Travel & Tourism

Manchester’s ‘sky park’ Castlefield Viaduct to become sparkling grotto as night falls

It's announced its Lantern Lates event.

Daisy Jackson Daisy Jackson - 6th December 2023

Castlefield Viaduct in Manchester, the lush National Trust site built up on a disused railway viaduct, has announced plans of night time activity this winter.

The beautiful park in the sky will be inviting visitors to see the urban green space by nightfall.

There’ll be a free Lantern Lates series where the park will transform into a ‘magical, sparkling grotto’.

Visitors can climb up to Castlefield Viaduct, the huge industrial landmark that has views right across Manchester city centre, and savour the winter wonderland created for the coming season.

It’s before the National Trust project closes for a few weeks in the new year for work to refresh the gardens for spring and summer.


The viaduct itself has been abandoned since 1969, until the charity revealed plans to turn it into a sky park similar to New York’s High Line.

The temporary urban garden has attracted thousands of visitors and the National Trust is now fundraising to secure a permanent future for the project, which is currently closing in September 2024.


Along with the Lantern Lates series, Castlefield Viaduct’s other night time events will include a Winter Garden Tour, where guides will explain the stories behind winter plants like holly, ivy and mistletoe.

Castlefield Viaduct has a series of night time events including a Lantern Lates light trail. Credit: David Bewick/National Trust.
Castlefield Viaduct has a series of night time events including a Lantern Lates light trail. Credit: David Bewick/National Trust.

And at the end of it all there’ll be a Cosy Corner, a relaxing spot with books, boardgames and crafts.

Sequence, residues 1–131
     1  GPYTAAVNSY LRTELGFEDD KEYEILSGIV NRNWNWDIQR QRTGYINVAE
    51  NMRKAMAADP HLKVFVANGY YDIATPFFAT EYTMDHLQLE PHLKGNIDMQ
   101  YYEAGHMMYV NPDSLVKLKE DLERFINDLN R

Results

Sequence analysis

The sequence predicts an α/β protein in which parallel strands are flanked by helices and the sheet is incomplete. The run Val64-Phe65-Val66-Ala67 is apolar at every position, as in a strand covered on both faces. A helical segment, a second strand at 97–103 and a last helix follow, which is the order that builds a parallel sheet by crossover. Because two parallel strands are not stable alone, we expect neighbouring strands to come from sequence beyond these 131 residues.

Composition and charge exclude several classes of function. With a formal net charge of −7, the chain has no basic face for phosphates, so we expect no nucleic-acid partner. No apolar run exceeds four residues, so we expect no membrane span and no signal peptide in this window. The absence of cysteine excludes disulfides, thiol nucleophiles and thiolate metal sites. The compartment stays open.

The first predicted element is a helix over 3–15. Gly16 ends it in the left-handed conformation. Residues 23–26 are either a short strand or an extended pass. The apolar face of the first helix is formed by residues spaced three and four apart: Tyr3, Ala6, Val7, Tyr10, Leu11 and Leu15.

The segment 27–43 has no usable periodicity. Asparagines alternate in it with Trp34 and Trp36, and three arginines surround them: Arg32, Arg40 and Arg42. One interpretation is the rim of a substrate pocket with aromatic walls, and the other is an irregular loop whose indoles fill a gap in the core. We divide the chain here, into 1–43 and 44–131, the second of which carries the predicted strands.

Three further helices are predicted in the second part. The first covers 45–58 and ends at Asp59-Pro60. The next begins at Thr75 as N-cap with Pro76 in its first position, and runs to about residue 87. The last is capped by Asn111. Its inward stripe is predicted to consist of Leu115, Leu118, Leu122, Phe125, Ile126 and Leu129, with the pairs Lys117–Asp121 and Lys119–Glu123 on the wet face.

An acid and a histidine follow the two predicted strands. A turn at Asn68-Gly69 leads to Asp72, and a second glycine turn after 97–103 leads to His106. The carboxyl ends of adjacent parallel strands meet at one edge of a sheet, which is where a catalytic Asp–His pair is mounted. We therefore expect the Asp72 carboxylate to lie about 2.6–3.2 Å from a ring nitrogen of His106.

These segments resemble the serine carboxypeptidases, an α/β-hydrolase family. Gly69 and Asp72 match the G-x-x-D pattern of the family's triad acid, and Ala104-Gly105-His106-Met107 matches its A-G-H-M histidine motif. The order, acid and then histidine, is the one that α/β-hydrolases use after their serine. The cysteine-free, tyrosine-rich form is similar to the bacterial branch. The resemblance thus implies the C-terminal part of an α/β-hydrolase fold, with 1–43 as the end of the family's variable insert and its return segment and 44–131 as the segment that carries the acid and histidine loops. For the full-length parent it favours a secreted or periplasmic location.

The Cosy Corner will be built at the far end of the Castlefield Viaduct park, where huge windows look across the overgrown and untouched section of the old railway bridge.


Castlefield Viaduct is the ideal spot to escape all the madness of the silly season and non-stop parties going on in the city below.

It’s open all the way through winter until Saturday 2 January (except Christmas Day and Boxing Day), with free entry. You can book morning tours on Mondays, Tuesdays, Thursdays and Fridays, or take a wander after 12.30pm on those days or any time on Wednesdays, weekends and bank holidays.

Lantern Lates at Castlefield Viaduct

17 November 2023 – 1 January 2024, 3.30pm – 5pm | Free – Drop-in 

As the nights draw in Castlefield Viaduct transforms into a magical, sparkling grotto. 

From 3.30pm to 5pm every day, drop in to wander along the light trail and visit the garden in  the sky in a different way. It’s the perfect time for a moment of rest above the busy city, take  in Greater Manchester’s 21st century skyline and maybe even spot a bat or two. 


The Winter Garden Tour 

Wednesday 13 Dec, Friday 15 Dec, Thursday 28 Dec, Friday 29 Dec – 2pm | Free – booking essential 

Get out of the busy city streets and join Castlefield Viaduct for a tour around some festive flora.  

Nature has long associations with this time of the year from holly and ivy to mistletoe and  chestnuts. Your guide will tell you the stories behind some of the winter plants on the viaduct  and introduce the beauty of winter in the garden. 

Book a spot at the website and take a festive look at nature on the viaduct and beyond.

Cosy Corner 

11 December 2023 – 1 January 2024, daily | Free – Drop-in 


Warm up and chill out… After a walk through the winter garden take some time out in the  Castlefield Viaduct Cosy Corner. 

This December the visitor building will be transformed into a relaxing spot with books, board  games and easy crafts plus the spectacular views of the wild viaduct and Castlefield below.  Take a break from the rush, settle in with a good read or simply watch nature go by.

The viaduct is a temporary project from the National Trust and due to permanently close after summer 2024. To help secure a future for the project and help the garden grow, you can make a donation or give one as a gift? Click here to give direct to Castlefield Viaduct. 

Featured image: David Bewick/National Trust